The California Public Utilities Commission will decide whether wireline telephone companies and other licensed telecommunications companies can attach wireless equipment to utility poles on the same terms as mobile carriers. Responding to a request from the Wireless Infrastructure Association (WIA), a lobbying group for companies that build and own cell towers and similar facilities, CPUC president Michael Picker is proposing to start the process that could eventually grant that permission.
But the questions he wants to ask go beyond the simple technical and legal considerations that go along with the current pole attachment rules, and touch on broader questions of competitive barriers and how much infrastructure is too much, particularly in urban areas…
Although the scope of this proceeding is limited to [licensed telecoms companies’] wireless pole attachments, we will take comment on (1) whether there is sufficient space and load-bearing capacity on the stock of existing utility poles to support additional telecommunications attachments, including wireless pole attachments, that may be necessary to provide ubiquitous, competitive, and affordable telecommunications services; (2) whether the cost of replacing existing poles to support additional telecommunications attachments poses a barrier to entry; and (3) whether urban streetscapes can accommodate more pole attachments, the replacement of existing poles with larger poles, and possibly an increase in the number of poles. We will also take comment on the range of pole attachments and services contemplated by WIA.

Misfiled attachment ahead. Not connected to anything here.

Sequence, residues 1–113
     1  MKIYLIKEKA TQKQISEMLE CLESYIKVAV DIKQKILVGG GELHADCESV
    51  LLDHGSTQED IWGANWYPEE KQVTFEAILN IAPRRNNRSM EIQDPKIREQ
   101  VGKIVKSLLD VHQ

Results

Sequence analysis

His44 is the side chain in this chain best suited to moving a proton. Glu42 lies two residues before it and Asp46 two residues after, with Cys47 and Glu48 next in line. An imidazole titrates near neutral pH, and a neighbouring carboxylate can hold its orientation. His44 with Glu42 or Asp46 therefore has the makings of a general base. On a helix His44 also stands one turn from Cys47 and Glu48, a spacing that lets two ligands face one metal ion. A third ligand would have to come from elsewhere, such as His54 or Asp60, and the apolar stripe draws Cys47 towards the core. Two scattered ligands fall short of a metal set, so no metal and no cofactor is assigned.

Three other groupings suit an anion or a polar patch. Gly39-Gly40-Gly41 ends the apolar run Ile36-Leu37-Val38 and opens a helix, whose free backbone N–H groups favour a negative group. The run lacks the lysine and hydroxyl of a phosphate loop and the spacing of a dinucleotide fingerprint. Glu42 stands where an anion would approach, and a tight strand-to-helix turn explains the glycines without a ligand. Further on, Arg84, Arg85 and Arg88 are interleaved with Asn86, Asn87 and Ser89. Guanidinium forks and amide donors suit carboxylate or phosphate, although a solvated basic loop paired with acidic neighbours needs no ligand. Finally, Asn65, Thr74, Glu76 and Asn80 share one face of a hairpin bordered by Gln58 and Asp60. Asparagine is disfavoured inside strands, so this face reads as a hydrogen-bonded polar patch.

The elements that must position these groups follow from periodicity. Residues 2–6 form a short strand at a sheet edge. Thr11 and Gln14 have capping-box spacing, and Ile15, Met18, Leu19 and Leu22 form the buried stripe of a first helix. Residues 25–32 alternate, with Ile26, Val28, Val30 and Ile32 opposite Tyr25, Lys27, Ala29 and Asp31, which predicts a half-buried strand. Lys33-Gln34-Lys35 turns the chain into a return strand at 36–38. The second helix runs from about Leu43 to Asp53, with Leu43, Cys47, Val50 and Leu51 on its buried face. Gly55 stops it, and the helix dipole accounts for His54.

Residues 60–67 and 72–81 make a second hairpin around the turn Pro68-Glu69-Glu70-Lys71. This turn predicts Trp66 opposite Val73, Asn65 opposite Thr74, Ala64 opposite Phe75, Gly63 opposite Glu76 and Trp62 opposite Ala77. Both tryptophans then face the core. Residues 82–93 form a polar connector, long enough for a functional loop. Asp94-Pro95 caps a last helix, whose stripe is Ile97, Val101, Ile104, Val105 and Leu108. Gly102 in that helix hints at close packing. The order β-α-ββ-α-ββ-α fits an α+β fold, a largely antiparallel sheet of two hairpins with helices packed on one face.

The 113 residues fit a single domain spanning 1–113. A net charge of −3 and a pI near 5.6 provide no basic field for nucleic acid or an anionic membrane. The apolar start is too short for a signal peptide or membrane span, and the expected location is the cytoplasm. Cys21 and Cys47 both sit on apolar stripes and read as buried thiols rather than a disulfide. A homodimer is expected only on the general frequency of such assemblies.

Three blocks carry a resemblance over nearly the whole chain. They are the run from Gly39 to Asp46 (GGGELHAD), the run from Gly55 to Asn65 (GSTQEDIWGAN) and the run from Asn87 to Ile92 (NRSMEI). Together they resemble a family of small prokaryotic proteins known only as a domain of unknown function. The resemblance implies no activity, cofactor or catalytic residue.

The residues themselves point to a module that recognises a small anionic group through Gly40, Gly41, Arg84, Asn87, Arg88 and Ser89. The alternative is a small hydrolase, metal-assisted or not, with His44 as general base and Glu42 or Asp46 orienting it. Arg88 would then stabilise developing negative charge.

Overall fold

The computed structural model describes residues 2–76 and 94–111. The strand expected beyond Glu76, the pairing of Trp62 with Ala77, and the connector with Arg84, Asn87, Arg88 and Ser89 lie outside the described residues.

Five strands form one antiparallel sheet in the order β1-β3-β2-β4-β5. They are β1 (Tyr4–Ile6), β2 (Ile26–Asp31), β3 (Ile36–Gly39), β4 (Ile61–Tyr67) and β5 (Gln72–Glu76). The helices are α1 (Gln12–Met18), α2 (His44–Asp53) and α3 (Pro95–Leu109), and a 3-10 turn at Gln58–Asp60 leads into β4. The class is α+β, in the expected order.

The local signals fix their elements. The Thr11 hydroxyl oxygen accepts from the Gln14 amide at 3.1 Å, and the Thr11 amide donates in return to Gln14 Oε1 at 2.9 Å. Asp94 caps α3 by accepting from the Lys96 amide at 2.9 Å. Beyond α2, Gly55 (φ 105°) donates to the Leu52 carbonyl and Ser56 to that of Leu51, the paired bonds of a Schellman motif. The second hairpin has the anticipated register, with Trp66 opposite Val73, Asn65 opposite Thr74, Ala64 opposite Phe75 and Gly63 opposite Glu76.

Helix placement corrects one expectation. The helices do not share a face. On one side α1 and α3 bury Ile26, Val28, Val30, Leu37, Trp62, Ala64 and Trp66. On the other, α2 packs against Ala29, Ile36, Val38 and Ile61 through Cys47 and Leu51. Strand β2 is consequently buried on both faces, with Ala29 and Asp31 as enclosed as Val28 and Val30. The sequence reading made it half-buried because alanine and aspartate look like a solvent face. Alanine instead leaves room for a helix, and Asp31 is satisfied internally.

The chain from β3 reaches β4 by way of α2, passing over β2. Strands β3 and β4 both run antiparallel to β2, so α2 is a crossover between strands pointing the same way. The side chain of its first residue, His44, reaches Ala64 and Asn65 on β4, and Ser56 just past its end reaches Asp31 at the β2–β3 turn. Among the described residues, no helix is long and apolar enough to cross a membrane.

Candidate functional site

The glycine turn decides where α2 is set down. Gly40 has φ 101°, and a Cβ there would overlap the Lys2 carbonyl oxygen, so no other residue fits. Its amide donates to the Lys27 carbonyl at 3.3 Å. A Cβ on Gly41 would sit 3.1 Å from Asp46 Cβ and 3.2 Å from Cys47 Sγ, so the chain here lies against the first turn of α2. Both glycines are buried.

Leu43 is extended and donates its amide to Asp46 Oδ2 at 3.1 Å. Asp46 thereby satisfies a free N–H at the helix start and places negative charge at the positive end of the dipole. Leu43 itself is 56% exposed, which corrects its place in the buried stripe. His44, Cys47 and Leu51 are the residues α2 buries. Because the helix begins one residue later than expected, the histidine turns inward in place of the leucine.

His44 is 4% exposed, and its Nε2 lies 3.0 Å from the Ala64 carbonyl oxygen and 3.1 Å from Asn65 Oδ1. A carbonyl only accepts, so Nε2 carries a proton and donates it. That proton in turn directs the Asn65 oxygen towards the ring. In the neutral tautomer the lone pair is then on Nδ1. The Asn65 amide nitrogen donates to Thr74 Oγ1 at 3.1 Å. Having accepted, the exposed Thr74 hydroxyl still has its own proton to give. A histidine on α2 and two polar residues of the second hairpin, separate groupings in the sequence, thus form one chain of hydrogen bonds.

It’s not clear what he plans to do with the information about the type of wireless services that might be offered, but that sort of regulation is primarily a federal matter and CPUC has very limited, and decreasing, scope in that regard. But if it’s just about getting more information into the record and in the hands of policy makers, it’s a very positive step.
Picker’s willingness to consider WIA’s petition stands in contrast to his decision – ratified by the commission as a whole – to deny cable companies the same privileges. As a practical matter, though, most cable companies have licensed telecom subsidiaries, as their lobbyists have pointed out.
The commission will vote on Picker’s plan to take a deeper look at competitive access, or lack thereof, to utility poles, but it would be very unusual for permission to be denied – that would, in effect, decide the issue – so expect to hear more about it in the coming months.